Indiana’s state board of education is hitting the pause button on plans to create a new set of diplomas for high school graduates.
The board was expected to approve a new set of graduation requirements proposed by the state’s education department earlier this week. The state’s legislature had ordered a review of graduation requirements in 2014.
But the Associated Press reports that board members were concerned about plans to replace a general high school diploma with a so-called Workforce Ready Diploma. The state would also offer a College & Career Ready Diploma and an Honors diploma, which both require more courses than the Workforce Ready Diploma.
The Workforce Ready Diploma, which the state says would be earned by just about 10 percent of the state’s high schoolers (most go for the more rigorous options) requires more math courses than the current general diploma. Those that don’t earn the Workforce Ready Diploma would be assigned a Certificate of Completion.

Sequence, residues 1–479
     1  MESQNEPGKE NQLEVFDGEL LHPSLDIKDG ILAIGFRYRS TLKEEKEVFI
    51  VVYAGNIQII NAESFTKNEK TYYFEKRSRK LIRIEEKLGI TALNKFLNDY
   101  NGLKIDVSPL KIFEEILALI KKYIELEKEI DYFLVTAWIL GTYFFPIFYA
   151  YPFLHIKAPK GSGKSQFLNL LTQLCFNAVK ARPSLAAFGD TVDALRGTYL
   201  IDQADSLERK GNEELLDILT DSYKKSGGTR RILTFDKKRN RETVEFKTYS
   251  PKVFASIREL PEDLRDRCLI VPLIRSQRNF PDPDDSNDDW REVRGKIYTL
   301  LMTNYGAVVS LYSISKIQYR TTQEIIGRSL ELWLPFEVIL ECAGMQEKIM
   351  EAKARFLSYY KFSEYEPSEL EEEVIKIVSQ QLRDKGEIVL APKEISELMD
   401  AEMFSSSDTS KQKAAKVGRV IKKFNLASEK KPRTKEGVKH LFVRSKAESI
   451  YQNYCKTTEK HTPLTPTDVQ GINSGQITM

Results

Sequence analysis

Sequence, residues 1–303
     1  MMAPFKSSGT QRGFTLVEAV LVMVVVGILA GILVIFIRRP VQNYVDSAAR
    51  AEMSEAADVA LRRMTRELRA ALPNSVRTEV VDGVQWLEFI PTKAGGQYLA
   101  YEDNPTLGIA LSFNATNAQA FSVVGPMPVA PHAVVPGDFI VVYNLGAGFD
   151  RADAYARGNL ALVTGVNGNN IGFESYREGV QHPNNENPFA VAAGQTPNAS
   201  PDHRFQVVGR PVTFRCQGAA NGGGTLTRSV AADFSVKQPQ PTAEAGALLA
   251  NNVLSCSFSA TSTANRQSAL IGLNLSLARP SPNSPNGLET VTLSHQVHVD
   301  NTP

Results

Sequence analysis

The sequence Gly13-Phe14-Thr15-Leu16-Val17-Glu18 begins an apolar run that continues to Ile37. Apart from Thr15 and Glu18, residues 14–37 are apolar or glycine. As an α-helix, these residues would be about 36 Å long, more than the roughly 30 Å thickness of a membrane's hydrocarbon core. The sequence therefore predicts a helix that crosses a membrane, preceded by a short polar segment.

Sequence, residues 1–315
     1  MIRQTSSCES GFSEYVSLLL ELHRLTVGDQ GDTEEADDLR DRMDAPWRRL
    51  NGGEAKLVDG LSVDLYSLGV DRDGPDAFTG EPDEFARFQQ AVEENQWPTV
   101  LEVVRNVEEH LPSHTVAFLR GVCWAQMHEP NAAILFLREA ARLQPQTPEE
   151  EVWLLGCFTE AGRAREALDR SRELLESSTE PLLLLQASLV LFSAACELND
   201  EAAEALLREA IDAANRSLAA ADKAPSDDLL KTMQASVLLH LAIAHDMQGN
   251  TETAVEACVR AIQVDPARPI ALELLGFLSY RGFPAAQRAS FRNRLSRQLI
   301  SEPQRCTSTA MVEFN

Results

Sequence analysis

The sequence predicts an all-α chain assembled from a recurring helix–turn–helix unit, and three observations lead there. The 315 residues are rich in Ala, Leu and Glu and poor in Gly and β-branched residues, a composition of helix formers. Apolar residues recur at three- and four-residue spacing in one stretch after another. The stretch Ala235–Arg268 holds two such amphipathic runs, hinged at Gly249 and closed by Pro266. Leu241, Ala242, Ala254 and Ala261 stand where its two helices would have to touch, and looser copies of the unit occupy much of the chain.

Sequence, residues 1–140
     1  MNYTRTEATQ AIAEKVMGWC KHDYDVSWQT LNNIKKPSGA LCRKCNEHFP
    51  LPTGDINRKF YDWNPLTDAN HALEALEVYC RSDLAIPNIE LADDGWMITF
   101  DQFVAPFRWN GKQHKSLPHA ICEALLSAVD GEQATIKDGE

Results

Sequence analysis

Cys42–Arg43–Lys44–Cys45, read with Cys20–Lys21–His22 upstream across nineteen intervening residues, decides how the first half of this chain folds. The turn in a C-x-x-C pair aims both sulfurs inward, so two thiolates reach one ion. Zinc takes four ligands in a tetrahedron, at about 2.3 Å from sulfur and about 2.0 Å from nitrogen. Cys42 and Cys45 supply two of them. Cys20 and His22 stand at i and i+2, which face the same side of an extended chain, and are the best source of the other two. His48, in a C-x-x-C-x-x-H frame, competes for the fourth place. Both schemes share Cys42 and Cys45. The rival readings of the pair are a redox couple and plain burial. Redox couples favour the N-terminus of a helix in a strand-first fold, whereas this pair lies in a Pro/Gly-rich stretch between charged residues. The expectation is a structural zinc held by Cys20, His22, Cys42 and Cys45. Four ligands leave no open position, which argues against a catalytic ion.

That’s led some, including special education specialists, to raise concerns that the additional math classes will be a barrier for some students who currently earn the general diploma, and that the Certificate of Completion gives potential employers or schools too little information.
Other groups also raised concerns about the state’s new plan: Arts education advocates noted that the proposed diplomas would cut a requirement that students complete two credits of arts courses (music, dance, visual arts) in order to earn an honors diploma.
The new plan would also create “focus areas” for students, which some said were both not clearly defined and would unnecessarily limit high schoolers’ course options.
Chalkbeat Indiana reports that Glenda Ritz, the state’s superintendent of education, said that despite the delay, the state will still plan to offer a new set of diplomas in 2018-19. The board will review a revised proposal in April.
A quick Google search does not turn up other states using the terminology “Workforce Ready Diploma.”
A version of this news article first appeared in the Curriculum Matters blog.